Trust is … a true leader. Many years ago, I had little respect for leaders of any kind, especially religious ones and especially Jewish ones. I had rejected my Jewish background and lived a very secular, atheistic, liberal and feminist life and was fine with that. In my mid-twenties, believing that my college boyfriend was in a cult, I boarded a plane to Israel to rescue him. To make a long story short, I discovered it wasn’t a cult, but was Orthodox/mystical Judaism. This Judaism was one, that just two generations before me, all my ancestors practiced. I committed to exploring it in depth for many years until deciding to practice it myself – something I’ve been doing for 20+ years. It was a leap of faith because as much as I studied, I couldn’t decide whether I really believed in the unseen realm of the spirit. Something that I couldn’t see or touch felt really distant from reality for me. The Lubavitcher Rebbe became the bridge that helped me make that leap – his kabbalistic wisdom, care, love and guidance was so deep and real that the spiritual didn’t seem so distant. Having experienced personal prophetic guidance from the Rebbe, as many others I know have, I use the Rebbe as my compass and north star through all the chaos and confusion in the world. He continues to guide and direct and I am grateful.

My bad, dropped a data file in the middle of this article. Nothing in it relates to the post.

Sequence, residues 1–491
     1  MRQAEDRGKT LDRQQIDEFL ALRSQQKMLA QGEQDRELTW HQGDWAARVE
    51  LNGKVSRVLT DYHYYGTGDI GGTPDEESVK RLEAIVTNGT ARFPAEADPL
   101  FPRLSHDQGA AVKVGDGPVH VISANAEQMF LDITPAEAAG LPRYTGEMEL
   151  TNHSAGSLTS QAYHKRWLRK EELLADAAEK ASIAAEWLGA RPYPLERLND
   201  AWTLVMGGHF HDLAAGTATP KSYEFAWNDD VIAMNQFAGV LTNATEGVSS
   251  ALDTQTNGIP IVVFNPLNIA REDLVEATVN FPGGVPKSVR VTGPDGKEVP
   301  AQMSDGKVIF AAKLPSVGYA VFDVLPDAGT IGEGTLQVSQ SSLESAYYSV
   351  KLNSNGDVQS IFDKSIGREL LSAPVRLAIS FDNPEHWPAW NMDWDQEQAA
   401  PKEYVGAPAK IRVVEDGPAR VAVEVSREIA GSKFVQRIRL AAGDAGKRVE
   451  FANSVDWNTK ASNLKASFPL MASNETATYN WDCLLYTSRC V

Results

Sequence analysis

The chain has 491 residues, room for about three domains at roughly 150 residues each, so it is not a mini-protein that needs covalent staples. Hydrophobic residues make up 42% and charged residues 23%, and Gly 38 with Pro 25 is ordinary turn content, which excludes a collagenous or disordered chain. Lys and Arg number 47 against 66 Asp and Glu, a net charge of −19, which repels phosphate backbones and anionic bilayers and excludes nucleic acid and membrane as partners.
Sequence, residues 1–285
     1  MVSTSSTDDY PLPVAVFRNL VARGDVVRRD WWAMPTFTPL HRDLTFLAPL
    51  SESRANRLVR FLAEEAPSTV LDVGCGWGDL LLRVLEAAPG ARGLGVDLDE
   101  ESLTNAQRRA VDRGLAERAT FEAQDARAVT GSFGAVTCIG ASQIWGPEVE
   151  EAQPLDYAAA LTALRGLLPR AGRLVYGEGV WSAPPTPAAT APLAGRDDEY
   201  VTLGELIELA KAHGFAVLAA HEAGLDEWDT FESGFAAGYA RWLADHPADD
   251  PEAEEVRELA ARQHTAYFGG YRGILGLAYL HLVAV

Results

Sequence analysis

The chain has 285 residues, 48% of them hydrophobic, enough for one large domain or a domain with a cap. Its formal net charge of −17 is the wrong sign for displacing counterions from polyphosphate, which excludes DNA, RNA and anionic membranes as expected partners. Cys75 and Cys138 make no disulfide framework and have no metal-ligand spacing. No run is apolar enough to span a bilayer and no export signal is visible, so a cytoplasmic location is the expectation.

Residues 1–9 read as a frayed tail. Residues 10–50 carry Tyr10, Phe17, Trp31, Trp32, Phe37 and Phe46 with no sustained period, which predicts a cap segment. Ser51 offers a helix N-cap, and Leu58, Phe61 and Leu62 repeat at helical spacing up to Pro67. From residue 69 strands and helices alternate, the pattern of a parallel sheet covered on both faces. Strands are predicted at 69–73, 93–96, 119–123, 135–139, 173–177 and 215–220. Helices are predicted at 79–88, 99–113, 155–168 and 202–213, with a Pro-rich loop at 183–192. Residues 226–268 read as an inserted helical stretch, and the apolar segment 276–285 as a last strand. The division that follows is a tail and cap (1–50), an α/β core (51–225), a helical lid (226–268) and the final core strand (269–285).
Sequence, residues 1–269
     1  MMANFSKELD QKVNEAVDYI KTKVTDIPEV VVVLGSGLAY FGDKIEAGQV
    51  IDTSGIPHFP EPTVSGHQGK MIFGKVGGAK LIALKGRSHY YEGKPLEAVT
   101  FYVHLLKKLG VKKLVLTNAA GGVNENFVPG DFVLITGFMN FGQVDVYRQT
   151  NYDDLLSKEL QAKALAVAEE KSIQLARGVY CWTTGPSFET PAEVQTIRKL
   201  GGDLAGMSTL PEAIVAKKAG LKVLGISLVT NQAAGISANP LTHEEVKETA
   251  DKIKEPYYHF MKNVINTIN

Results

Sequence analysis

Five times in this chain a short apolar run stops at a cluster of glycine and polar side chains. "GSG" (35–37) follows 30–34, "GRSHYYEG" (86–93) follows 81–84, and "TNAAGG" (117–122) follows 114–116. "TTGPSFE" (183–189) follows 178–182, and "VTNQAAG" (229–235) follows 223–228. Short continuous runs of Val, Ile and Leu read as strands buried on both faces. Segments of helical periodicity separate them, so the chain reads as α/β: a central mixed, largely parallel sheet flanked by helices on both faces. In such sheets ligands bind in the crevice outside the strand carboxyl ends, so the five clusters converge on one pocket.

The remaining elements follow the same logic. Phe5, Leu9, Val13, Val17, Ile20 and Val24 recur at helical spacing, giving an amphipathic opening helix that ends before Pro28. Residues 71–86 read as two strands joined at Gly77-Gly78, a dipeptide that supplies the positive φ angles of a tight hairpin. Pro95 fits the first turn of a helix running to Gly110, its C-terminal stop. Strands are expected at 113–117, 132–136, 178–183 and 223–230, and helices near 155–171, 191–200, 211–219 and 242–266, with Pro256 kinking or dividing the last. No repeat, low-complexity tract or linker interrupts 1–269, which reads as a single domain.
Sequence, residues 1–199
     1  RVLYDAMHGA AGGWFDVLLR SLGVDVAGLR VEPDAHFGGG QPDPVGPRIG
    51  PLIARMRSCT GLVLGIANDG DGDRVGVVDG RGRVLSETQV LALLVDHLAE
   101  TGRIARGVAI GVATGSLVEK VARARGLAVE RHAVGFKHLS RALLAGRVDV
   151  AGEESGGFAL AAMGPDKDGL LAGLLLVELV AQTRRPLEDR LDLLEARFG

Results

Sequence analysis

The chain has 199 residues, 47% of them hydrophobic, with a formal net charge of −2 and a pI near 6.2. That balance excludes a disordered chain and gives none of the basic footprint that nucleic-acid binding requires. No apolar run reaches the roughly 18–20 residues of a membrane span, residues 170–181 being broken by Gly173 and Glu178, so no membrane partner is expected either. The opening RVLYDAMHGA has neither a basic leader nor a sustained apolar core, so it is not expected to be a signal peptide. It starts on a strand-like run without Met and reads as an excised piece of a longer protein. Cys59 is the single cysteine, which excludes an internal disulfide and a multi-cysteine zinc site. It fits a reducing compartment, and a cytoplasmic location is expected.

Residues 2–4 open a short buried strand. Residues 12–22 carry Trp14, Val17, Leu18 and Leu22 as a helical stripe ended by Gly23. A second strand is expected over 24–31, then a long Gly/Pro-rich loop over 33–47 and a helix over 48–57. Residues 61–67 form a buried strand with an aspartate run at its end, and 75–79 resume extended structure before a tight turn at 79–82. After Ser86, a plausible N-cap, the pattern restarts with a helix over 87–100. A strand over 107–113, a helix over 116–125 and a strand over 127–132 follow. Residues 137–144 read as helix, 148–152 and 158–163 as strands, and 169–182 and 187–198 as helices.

This is the Rebbe’s definition of a leader and he fits it precisely so: “A true leader does not seek followers, he wants to teach others how to be leaders. He does not want control, he wants the truth. He does not impose his leadership on others, nor does he take away anyone’s autonomy. He inspires by love, not coercion. When it comes time to take credit, he makes himself invisible; but he is the first to arrive at the time of need, and he will never shrink away in fear. He is so passionate about your welfare that when you consult him for guidance, it is like coming face to face with yourself for the first time.” Rebbe Menachem M. Schneerson (Lubavitcher Rebbe)
15th day of the Jewish month of Elul – the month of Trust